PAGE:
TRENTON — New Jersey Democrats have unveiled and advanced a $34.7 billion state budget for the upcoming fiscal year, but its fate is still uncertain due to an ongoing legislative standoff over a separate bill to make changes to the state's largest insurer, Horizon Blue Cross Blue Shield of New Jersey.
The proposed legislation was released late Monday night and advanced out of the Senate and Assembly budget committees with little to no debate, setting up the possibility that it will be voted on by the full Senate and Assembly on Thursday — two days before the July 1 deadline for a balanced budget to be signed into law.
If the deadline is missed, most of the state government will be required to shut down.
The proposal makes several changes to the budget put forward by Gov. Chris Christie in late February, notably to school aid awards to the state's nearly 600 public school districts. It also boosts funding in several areas, such as domestic violence prevention, cancer research, legal services and prisoner re-entry programs, and provides pay increases for home health aides and other health care providers.
The budget proposal also incorporates Christie's plan to dedicate all state lottery proceeds to the public employee pension system. Doing so is expected to immediately reduce the pension's unfunded liabilities and the state's required payment.
The budget is smaller than Christie's $35.5 billion plan because it removes the lottery funding from the general fund, but the actual spending is up slightly from the governor's proposal.
The budget is Christie's last as governor, and he said Monday night on his monthly radio show, "Ask the Governor," that he's ready to sign one. But he gave no indication that the Democrats' proposed changes would remain intact if the budget is sent to him as written.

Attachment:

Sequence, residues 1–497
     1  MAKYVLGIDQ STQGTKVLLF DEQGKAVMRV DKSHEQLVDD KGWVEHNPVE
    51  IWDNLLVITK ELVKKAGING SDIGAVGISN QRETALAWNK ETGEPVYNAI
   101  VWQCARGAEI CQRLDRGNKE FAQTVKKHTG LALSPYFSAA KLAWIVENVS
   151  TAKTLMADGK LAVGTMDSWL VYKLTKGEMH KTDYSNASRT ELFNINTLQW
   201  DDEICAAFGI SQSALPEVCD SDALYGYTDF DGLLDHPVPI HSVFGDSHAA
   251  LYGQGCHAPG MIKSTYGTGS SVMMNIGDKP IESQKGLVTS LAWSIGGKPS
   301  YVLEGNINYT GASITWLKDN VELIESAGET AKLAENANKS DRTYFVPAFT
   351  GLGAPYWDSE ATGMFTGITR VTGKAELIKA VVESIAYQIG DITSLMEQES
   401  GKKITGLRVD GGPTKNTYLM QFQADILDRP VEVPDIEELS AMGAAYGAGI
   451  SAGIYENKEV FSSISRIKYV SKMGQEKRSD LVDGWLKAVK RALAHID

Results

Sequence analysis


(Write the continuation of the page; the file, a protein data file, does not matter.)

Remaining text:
Christie has the authority to line-item veto any budget spending or language, and he is believed to have made approval of the Democrats' school funding plan and other spending hikes conditional on passage of the lottery dedication and a separate Horizon bill.
That bill would require the nonprofit insurer to expand its board to include additional public appointments, post the company executives' pay on its website, and allow the administration to review Horizon's reserve funds and divert any amount it deems excessive to a new fund for drug treatment and other health care programs.
The Senate Budget and Appropriations Committee voted Monday to approve a proposed compromise that makes some changes to Horizon, including a cap on its reserves. But Assembly Speaker Vincent Prieto, D-32nd of Secaucus, has maintained that he would not take up a Horizon-specific bill before the budget deadline.
Both major party candidates running to replace Christie have come out against the Horizon legislation, arguing that the changes need to be more carefully considered and not rushed through during the last days before the deadline.
Democrat Phil Murphy voiced his concerns over the weekend, and Republican Kim Guadagno, who is Christie's lieutenant, opposed the legislation on Tuesday via a statement on Twitter that indicated "major changes" to the state's health care system require more input from stakeholders such as hospitals and doctors.
"There are a number of parties that need to be part of the discussion that aren't a part of it now, and it should not be done in the last minutes of the budget process," Guadagno's campaign said in the statement.